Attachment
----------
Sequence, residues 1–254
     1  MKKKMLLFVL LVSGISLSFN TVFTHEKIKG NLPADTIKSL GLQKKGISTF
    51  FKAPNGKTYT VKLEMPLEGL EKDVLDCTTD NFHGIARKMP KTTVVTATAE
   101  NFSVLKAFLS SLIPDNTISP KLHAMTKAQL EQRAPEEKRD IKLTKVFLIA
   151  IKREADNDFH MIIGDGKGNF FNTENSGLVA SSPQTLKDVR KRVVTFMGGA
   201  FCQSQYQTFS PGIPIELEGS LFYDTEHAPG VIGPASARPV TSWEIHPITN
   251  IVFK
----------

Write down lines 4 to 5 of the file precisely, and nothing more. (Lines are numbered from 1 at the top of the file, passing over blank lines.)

   101  NFSVLKAFLS SLIPDNTISP KLHAMTKAQL EQRAPEEKRD IKLTKVFLIA
   151  IKREADNDFH MIIGDGKGNF FNTENSGLVA SSPQTLKDVR KRVVTFMGGA